Swiftpicks POP CULTURE WINNERS 2008 from A&E EDITOR TIM SWIFT

December 28, 2008|By TIM SWIFT

FILM

Best date movie::

'Slumdog Millionaire: ':

This riveting drama about an Indian orphan's unlikely rise on Who Wants to Be a Millionaire? is a rare coup. Yes, it's a great flick, but because it's playing at the "arthouse" theater, you get to look smart and cultured without the French subtitles. Now in theaters and look for it to be among this year's Oscar nominees.

TV

Most improved show::

Season 4 of 'Lost' :

Who knew leaving mystery island would give this ailing castaway adventure its groove back? The producer's bold and seemingly counterintuitive move made for some of the best TV of the year. Fans finally got some answers, but, of course, they came with even more questions. It's now on DVD, and new episodes start Jan. 21 on WMAR, Channel 2.

POP MUSIC

Best use of a supergroup::

Coldplay's 'Viva La Vida' tour:

In the current age, digital downloads and splashy arena rock aren't supposed to co-exist. But by turning to the basics of pop music (old-fashioned creativity and hard-core touring), this British band was able to rise above the niches and sell some albums. The band released its fourth, Viva la Vida, in June and another is planned for next year.

GAMES

Most innovative::

'Grand Theft Auto 4':

Yes, irony is apparent: The most sophisticated video game of the year also allows you to drive around drunk. Yet if you can get past the seedier side of this gangster game, you're in for an epic virtual experience. There are miles of city streets to explore and even the smallest details - like whether you answer your cell phone - can affect the game. Available on PlayStation 3, XBox 360 and PC.

BOOKS

Best salve for Potter fans::

'The Tales of the Beedle Bard':

This year has been tough for Potter addicts: The final book bowed out in 2007 and movie No. 6 was pushed into next year. Thankfully, J.K. Rowling provided us with the fairy-tale book that was used as a plot device in the last Potter novel to keep those Hogwarts withdrawals at bay. Now in bookstores.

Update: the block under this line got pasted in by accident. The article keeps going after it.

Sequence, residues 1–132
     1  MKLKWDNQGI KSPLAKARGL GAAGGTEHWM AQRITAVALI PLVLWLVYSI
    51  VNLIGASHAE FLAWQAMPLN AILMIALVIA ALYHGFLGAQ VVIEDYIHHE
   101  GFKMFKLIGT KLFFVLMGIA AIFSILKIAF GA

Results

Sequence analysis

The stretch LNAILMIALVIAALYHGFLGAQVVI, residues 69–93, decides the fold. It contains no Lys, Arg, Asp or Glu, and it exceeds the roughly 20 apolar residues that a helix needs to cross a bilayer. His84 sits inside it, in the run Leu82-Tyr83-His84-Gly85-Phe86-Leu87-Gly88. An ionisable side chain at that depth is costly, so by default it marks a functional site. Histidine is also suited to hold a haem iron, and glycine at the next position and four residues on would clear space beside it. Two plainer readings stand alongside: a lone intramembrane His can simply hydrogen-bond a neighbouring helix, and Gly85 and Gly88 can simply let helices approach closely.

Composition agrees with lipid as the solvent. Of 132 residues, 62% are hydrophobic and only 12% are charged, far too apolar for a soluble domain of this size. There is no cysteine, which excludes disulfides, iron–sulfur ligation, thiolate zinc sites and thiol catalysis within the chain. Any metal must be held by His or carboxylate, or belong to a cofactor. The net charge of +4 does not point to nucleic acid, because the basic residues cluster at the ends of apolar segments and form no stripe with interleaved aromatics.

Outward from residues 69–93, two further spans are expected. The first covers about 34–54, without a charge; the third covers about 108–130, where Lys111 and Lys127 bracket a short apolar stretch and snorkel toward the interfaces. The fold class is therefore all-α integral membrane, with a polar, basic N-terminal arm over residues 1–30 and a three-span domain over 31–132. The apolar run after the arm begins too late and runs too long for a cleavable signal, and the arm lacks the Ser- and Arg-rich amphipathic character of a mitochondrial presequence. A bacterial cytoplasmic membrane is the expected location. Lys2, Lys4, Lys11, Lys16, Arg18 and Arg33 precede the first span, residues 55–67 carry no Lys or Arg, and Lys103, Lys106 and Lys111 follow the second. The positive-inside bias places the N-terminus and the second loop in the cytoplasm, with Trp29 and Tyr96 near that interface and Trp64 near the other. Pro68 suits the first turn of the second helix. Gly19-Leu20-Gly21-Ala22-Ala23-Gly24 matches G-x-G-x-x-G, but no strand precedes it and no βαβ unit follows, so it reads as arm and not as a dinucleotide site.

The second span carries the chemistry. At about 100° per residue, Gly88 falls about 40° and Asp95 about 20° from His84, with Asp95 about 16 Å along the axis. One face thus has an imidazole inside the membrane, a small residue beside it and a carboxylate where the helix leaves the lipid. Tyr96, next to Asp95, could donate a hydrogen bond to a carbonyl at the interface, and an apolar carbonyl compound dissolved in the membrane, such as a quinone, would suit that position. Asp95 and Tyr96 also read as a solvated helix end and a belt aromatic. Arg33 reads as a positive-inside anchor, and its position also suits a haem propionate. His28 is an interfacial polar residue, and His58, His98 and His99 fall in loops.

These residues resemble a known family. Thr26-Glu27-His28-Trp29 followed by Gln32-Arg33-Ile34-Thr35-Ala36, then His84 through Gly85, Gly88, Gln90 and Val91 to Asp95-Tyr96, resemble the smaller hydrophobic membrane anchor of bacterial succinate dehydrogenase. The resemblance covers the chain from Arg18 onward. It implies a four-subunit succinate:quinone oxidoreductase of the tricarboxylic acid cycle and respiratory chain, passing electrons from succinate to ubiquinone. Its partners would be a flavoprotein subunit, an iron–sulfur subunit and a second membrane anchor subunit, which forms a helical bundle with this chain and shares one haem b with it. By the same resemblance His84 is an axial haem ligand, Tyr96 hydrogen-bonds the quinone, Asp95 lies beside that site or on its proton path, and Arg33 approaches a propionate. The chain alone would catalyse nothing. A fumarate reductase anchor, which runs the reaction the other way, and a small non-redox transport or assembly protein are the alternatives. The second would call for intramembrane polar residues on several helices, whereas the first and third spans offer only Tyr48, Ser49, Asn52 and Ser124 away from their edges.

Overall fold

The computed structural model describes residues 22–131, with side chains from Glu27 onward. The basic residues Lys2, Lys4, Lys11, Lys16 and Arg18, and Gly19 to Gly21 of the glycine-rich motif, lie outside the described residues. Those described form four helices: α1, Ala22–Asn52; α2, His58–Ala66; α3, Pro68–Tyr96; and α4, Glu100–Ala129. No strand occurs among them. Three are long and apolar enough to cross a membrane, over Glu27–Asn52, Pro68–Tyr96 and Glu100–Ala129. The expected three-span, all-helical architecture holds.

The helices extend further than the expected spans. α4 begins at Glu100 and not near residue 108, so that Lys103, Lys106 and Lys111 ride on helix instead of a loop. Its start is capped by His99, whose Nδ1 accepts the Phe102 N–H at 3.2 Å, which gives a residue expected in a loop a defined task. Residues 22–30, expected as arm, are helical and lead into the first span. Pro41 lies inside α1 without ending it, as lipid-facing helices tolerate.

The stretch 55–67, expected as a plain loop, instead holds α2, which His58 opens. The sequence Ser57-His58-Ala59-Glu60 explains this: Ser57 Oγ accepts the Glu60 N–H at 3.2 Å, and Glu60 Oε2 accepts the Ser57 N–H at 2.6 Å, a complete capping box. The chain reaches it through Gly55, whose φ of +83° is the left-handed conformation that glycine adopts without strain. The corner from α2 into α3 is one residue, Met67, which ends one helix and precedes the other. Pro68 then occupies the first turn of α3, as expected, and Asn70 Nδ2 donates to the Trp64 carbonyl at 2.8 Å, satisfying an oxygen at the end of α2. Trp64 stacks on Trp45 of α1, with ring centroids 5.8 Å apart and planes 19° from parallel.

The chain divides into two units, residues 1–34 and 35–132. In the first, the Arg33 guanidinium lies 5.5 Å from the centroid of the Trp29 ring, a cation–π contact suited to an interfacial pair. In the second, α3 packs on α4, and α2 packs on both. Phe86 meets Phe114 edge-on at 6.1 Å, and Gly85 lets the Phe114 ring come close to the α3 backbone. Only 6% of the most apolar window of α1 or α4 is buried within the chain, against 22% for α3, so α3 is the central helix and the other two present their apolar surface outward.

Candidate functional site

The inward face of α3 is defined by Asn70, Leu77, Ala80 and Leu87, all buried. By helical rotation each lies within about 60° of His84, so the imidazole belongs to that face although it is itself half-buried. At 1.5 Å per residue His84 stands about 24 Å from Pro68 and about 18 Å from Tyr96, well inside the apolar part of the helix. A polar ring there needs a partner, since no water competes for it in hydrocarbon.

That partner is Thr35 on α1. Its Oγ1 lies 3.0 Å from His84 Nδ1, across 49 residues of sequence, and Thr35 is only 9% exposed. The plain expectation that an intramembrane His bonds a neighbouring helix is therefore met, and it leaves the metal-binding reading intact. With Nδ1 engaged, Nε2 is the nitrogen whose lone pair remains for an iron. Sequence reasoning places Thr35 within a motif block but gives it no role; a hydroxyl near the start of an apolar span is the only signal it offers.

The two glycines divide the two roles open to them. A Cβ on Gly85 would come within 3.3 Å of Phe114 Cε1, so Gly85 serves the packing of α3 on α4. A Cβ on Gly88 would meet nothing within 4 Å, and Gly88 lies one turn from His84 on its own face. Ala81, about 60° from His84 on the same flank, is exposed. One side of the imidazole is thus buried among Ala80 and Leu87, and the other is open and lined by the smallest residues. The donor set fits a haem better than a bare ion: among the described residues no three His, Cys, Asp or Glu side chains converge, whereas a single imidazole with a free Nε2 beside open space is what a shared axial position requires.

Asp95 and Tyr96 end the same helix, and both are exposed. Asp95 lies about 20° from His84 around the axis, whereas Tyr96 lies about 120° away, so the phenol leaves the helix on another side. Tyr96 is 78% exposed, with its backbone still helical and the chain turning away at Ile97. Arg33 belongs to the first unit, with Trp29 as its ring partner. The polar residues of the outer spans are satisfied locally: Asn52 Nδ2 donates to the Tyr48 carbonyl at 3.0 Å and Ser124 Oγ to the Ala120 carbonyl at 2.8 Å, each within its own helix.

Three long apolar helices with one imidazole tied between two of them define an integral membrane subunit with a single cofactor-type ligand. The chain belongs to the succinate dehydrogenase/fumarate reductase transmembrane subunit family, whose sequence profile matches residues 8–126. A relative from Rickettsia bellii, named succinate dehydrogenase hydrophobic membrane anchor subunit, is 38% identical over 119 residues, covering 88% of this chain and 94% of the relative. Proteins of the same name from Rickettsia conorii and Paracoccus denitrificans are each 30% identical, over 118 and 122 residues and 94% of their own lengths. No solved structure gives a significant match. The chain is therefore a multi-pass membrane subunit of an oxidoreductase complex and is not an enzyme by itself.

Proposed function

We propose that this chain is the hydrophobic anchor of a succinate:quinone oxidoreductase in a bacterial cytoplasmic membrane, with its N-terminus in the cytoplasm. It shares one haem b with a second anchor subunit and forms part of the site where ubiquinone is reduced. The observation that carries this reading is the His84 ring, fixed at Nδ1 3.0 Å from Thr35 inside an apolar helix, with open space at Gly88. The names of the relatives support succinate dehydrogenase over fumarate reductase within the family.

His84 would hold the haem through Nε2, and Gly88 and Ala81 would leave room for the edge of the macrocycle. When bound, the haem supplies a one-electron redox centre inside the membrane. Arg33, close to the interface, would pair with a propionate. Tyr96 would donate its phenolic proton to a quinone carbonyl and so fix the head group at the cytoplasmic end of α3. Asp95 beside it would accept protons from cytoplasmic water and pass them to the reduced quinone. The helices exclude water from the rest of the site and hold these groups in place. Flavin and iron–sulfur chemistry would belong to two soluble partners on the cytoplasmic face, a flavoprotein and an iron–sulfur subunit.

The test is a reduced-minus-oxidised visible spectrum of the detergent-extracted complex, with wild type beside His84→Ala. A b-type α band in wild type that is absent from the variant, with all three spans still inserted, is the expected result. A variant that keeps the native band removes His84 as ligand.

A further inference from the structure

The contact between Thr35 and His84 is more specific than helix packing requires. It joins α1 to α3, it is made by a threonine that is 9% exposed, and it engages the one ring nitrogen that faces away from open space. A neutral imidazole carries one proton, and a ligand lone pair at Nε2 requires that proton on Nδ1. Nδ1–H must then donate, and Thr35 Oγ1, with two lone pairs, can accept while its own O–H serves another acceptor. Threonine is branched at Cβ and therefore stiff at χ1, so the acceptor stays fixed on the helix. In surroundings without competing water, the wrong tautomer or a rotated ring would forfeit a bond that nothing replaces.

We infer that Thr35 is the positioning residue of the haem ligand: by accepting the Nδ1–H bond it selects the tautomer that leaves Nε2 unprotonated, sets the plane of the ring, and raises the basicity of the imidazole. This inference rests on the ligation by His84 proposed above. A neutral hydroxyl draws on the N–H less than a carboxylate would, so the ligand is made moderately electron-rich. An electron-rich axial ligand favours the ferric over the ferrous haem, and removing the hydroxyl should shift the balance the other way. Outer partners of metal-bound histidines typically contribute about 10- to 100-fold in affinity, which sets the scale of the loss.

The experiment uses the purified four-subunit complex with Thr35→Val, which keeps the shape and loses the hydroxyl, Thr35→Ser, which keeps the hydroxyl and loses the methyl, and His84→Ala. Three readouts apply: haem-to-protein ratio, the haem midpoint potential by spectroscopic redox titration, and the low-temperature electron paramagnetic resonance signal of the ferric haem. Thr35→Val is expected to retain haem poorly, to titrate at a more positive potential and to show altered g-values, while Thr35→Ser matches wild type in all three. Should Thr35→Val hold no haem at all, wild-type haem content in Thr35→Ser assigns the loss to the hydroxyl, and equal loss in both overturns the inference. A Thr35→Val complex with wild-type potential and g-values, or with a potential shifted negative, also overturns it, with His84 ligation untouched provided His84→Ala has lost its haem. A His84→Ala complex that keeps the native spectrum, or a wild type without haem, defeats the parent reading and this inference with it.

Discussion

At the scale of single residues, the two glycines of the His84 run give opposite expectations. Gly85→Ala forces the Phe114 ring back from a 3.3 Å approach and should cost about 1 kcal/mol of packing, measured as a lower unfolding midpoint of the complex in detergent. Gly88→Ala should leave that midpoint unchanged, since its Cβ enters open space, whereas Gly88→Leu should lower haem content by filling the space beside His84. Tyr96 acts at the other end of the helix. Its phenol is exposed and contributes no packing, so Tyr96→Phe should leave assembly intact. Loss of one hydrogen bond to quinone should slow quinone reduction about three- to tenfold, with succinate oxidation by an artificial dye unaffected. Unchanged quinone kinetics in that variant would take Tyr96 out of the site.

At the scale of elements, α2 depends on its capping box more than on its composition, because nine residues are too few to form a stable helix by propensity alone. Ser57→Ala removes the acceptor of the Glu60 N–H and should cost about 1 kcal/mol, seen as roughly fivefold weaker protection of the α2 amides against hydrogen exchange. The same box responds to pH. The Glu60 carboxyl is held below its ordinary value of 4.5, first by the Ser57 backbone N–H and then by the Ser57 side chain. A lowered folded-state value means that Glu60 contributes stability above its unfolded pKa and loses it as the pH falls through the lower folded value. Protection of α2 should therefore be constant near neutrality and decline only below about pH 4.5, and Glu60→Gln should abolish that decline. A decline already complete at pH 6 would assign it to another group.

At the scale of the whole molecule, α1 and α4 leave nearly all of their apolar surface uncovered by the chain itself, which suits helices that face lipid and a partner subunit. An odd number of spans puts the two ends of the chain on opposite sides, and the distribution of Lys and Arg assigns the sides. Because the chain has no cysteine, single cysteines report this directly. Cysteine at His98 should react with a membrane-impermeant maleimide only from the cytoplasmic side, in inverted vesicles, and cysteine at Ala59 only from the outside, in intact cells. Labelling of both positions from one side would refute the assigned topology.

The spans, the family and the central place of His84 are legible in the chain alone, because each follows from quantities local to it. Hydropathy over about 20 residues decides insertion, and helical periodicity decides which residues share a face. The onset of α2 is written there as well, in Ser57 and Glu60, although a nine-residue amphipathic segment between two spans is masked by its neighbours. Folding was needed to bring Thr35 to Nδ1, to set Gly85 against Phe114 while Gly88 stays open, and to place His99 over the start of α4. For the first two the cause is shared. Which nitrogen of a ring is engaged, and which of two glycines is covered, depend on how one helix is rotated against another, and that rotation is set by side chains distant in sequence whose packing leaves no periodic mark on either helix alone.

FILM

Most watched::

'The Dark Knight':

It wasn't the masterpiece it has been made out to be, but it was the movie we all desperately needed. Amid the glut of new media, water cooler moments that everyone can feel a part of are all too rare. But for one summer at least, Batman had most of us watching and discussing the same thing. Now on DVD, the film will be back in theaters next month.

TV

Best new series::

HBO's 'True Blood':

: An antidote to the cheese-fest that is Twilight, this surly vampire drama actually has teeth. From Six Feet Under's Alan Ball, the raunchy series has the bloodsuckers "coming out of the coffin," trying to live "normal" lives. Yes, there's romance, but there's also plenty of action. New episodes and the Season 1 DVD should land in May.

POP MUSIC

Most promising debut::

Duffy's 'Rockferry' :

This young Welsh singer - who performed at this year's Virgin Festival - looks a little like Lindsay Lohan and sounds a lot like Amy Winehouse. But instead of a tabloid trainwreck, we got (for now) a polished pop star. Her single, "Mercy," was a hit on the radio, but also on TV. While Rockferry wasn't a huge hit, it skillfully showcased Duffy's potential.

GAMES

Best for all-age gamers::

'LittleBigPlanet': on PS3:

: Don't let the fact that this is probably the cutest game of the year deter from the charms of LittleBigPlanet. Its developers have infused this adventure game with a cheeky wit and a stunning visual style. That alone would have made it noteworthy, yet LBP's biggest draw is its interactivity. Players can share levels and comment on all the cuteness.

BOOKS

Most talked about in D.C.: :

'Team of Rivals':

This book was released in 2005, but President-elect Barack Obama made it a hit in 2008. Sure, the political merits of conflicting advisers is open to debate. But it makes for interesting reading as Doris Kearns Goodwin deftly retells the story of the Civil War through the lens of Lincoln's unusual Cabinet. Found in most non-Beltway bookstores.

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